Today’s blog entry talks about a published decision from the Third Circuit that came down on March 3, 2021. It deals with what happens when a physical or mental exam after a conditional job offer is done in an ADA noncompliant way. The case of the day is Gibbs v. City of Pittsburgh, which can be found here184196206203. As usual, the blog entry is divided into categories and they are: facts; court’s reasoning plaintiff stated a claim for disability discrimination; and thoughts/takeaways. Of course, the reader is free to focus on any or all of the categories.
Gibbs applied to be a Pittsburgh policeman. He passed the written test with flying colors and got a conditional job offer. After that, he had to be personally examined by a Pennsylvania licensed psychologist and found to be psychologically capable of exercising appropriate judgment or restraint in performing the duties of a police officer. Two of the psychologists who interviewed him said he was unfit to serve. So, he never got the final offer.
Gibbs filed suit and alleged that the psychologists were biased because they reflectively rejected him after learning of his ADHD diagnosis. They never explored whether his ADHD would interfere with his job. If they had, they would have learned that his ADHD was under control. Further, five other Police Department found him mentally fit and had hired him. He also had never misbehaved as a police officer or as a Marine. While he did misbehave as a child that was before he was treated for ADHD. Finally, Gibbs alleged that Pittsburgh had hired other applicants with similar childhood issues not caused by ADHD. The City of Pittsburgh filed a motion to dismiss, which was granted, and Gibbs appealed to the Third Circuit.
Court’s Reasoning Stating that Plaintiff Stated a Claim for Disability Discrimination
- Proving up a disability discrimination case under the ADA or the Rehabilitation Act involves showing: 1) plaintiff is a person with a disability; 2) plaintiff was qualified for the job; and 3) plaintiff suffered discrimination because of his disability.
- The ADA protects job applicants if they are regarded as having a disability.
- In a regarded as situation, the test is whether the employer perceived the employee as impaired regardless of whether that impairment limits or is perceived to limit a major life activity.
- Even though plaintiff’s ADHD was under control, the psychologists allegedly thought it was a handicap and fixated on that in rejecting him.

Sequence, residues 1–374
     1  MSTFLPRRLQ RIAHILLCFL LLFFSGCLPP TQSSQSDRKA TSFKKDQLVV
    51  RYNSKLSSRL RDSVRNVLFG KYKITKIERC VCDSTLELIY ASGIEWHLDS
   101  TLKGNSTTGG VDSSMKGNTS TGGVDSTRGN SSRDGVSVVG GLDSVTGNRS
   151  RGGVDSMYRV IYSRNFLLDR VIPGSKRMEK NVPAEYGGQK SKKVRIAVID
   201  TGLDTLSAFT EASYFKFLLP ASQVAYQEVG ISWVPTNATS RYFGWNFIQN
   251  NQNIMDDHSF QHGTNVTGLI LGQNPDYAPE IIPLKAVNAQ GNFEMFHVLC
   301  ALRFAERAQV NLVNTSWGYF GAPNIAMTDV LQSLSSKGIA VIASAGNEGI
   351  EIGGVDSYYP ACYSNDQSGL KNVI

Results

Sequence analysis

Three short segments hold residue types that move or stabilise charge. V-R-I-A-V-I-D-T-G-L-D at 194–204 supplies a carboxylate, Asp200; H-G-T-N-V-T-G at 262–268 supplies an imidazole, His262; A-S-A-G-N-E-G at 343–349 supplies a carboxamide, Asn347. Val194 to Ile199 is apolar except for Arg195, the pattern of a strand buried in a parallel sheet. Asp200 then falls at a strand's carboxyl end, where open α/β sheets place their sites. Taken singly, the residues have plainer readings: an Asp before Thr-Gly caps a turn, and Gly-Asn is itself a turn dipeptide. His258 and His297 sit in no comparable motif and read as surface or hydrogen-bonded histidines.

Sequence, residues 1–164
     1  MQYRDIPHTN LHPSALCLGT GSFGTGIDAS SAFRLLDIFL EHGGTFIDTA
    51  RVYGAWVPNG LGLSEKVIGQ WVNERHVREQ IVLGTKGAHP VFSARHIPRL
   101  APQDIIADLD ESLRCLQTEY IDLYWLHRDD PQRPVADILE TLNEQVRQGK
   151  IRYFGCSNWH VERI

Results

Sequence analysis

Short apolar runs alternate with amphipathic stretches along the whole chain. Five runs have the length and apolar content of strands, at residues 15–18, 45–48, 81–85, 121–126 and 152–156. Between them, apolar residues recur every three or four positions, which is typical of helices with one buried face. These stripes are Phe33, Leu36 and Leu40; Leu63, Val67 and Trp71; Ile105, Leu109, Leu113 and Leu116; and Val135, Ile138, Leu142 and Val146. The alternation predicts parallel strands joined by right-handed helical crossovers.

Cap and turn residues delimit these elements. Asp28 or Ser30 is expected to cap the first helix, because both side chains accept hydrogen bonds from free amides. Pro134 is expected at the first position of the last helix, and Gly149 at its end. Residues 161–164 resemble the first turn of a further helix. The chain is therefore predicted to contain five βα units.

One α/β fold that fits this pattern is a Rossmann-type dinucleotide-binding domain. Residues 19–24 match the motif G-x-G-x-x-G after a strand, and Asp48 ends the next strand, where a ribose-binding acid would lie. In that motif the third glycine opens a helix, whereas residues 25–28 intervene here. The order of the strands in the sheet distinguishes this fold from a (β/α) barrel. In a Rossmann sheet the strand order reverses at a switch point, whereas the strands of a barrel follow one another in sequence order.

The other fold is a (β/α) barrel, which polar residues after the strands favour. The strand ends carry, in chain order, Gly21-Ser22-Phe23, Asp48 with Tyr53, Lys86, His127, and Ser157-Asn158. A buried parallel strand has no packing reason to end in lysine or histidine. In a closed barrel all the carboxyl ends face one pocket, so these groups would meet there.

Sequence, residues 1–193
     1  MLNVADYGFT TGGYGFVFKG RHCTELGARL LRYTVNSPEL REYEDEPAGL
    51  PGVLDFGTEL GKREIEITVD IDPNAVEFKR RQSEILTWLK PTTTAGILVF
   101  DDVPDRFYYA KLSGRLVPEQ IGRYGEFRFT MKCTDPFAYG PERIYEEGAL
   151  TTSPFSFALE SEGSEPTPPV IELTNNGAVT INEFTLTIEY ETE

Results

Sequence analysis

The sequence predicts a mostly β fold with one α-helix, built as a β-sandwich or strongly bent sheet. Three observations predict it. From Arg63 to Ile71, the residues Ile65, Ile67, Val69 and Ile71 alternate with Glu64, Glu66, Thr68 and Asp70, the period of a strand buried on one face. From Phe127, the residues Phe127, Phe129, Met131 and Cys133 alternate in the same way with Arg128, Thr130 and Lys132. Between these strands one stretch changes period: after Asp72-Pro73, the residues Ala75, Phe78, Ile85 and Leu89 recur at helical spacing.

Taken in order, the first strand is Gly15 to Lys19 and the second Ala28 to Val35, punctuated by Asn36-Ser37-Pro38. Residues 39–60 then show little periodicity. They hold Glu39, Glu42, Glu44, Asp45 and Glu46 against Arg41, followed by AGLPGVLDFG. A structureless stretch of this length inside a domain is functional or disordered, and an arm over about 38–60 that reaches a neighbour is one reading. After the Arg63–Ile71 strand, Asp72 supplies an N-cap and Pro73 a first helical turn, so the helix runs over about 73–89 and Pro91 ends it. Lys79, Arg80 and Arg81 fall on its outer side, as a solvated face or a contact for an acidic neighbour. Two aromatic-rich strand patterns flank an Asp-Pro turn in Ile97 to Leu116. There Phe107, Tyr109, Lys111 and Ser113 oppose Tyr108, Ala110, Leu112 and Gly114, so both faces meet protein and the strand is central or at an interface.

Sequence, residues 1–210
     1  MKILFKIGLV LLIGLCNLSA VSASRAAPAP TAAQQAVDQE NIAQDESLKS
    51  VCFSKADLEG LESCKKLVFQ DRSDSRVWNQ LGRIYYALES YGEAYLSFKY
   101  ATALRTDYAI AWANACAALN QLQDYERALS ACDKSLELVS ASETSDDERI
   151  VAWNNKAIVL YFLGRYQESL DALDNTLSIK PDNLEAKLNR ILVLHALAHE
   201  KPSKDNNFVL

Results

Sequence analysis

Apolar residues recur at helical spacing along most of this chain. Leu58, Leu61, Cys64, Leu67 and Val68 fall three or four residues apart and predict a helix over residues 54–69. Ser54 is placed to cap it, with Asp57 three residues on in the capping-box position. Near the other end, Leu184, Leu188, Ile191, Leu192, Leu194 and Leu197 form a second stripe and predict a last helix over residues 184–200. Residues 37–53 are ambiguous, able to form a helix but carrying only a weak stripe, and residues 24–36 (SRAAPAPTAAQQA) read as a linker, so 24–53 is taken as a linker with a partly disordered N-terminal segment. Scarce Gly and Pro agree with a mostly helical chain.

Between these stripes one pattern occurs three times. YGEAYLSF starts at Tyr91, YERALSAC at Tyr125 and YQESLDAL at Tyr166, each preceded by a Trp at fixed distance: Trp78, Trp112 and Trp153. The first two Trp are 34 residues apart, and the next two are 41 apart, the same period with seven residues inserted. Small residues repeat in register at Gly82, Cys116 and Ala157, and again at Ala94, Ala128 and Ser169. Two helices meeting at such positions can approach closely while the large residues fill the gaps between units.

- When a plaintiff claims that job criteria are applied in a discriminatory way, the plaintiff does not need to satisfy the discriminatory criterion in order to bring a discrimination claim. A plaintiff would only have to show that he was qualified based on all the other nondiscriminatory criteria.
- A previous case saying that psychological tests for police officers was a valid qualification is of no help to the defense because even in that case the court said that there weren’t any facts that would support a claim of bias. Here, plaintiff has alleged bias.
- Detailed evidence is not necessary in a complaint. All a person has to do is give the defense fair notice of his claim and raise the reasonable expectation that discovery will uncover evidence of discriminatory motive. Plaintiff did exactly that through his allegation that once the psychologists learned he had ADHD, they fixated on his childhood misbehavior without considering whether the ADHD was currently under control. Gibbs also claimed that his ADHD was under control and five other police departments thought so as well. Finally, he claimed that Pittsburgh hired other policemen who had likewise misbehaved as a child but did not have ADHD. So if the allegations are true, a reasonable chance exists that discovery will unearth more of it.
- The argument that the psychologists were biased and not the city of Pittsburgh so that the city of Pittsburgh gets a free pass does not wash. It doesn’t wash because the ADA prohibits participation in a contractual or other arrangement or relationship that has the effect of subjecting a qualified applicant to discrimination. So, an employer cannot abate its obligations under the ADA by contracting out personnel functions to third parties by way of using preemployment examinations as conclusive proof of an applicant’s mental capabilities. In other words, if the psychologists discriminated against the plaintiff, Pittsburgh is liable for relying on them.
- The argument that state law mandates a psychological exam and therefore permitted Pittsburgh to screen out the plaintiff doesn’t apply either because an employer may not shield itself from federal antidiscrimination liability just by saying that it was trying to follow state law. In other words, by virtue of the supremacy clause the demands of the federal Rehabilitation Act or the ADA for that matter do not yield to state laws that discriminate against persons with disabilities. In fact, it works the other way around. So, trying to follow Pennsylvania law is not a defense when federal law says to do so would be discriminatory.